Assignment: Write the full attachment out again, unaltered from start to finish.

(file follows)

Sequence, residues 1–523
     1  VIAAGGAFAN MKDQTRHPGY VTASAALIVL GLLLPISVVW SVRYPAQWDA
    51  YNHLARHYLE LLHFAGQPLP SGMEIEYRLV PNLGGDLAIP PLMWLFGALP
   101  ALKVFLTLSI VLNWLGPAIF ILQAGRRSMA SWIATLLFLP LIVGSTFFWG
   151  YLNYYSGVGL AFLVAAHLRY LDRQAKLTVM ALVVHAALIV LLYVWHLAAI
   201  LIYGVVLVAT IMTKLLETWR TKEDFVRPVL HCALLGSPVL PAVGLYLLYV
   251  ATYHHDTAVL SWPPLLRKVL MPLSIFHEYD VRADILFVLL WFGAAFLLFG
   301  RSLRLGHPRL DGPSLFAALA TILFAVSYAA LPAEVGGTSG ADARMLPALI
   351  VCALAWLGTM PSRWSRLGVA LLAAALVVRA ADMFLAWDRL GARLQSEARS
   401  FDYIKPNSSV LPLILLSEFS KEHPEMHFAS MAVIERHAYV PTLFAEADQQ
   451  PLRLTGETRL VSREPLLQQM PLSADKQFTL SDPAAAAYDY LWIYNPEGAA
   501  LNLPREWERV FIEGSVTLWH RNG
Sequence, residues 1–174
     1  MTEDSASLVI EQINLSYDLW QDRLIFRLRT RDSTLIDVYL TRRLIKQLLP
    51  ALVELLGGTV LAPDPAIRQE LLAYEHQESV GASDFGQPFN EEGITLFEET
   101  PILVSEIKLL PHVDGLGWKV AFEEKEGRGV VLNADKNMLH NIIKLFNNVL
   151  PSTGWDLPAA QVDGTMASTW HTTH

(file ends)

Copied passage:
Sequence, residues 1–523
     1  VIAAGGAFAN MKDQTRHPGY VTASAALIVL GLLLPISVVW SVRYPAQWDA
    51  YNHLARHYLE LLHFAGQPLP SGMEIEYRLV PNLGGDLAIP PLMWLFGALP
   101  ALKVFLTLSI VLNWLGPAIF ILQAGRRSMA SWIATLLFLP LIVGSTFFWG
   151  YLNYYSGVGL AFLVAAHLRY LDRQAKLTVM ALVVHAALIV LLYVWHLAAI
   201  LIYGVVLVAT IMTKLLETWR TKEDFVRPVL HCALLGSPVL PAVGLYLLYV
   251  ATYHHDTAVL SWPPLLRKVL MPLSIFHEYD VRADILFVLL WFGAAFLLFG
   301  RSLRLGHPRL DGPSLFAALA TILFAVSYAA LPAEVGGTSG ADARMLPALI
   351  VCALAWLGTM PSRWSRLGVA LLAAALVVRA ADMFLAWDRL GARLQSEARS
   401  FDYIKPNSSV LPLILLSEFS KEHPEMHFAS MAVIERHAYV PTLFAEADQQ
   451  PLRLTGETRL VSREPLLQQM PLSADKQFTL SDPAAAAYDY LWIYNPEGAA
   501  LNLPREWERV FIEGSVTLWH RNG
Sequence, residues 1–174
     1  MTEDSASLVI EQINLSYDLW QDRLIFRLRT RDSTLIDVYL TRRLIKQLLP
    51  ALVELLGGTV LAPDPAIRQE LLAYEHQESV GASDFGQPFN EEGITLFEET
   101  PILVSEIKLL PHVDGLGWKV AFEEKEGRGV VLNADKNMLH NIIKLFNNVL
   151  PSTGWDLPAA QVDGTMASTW HTTH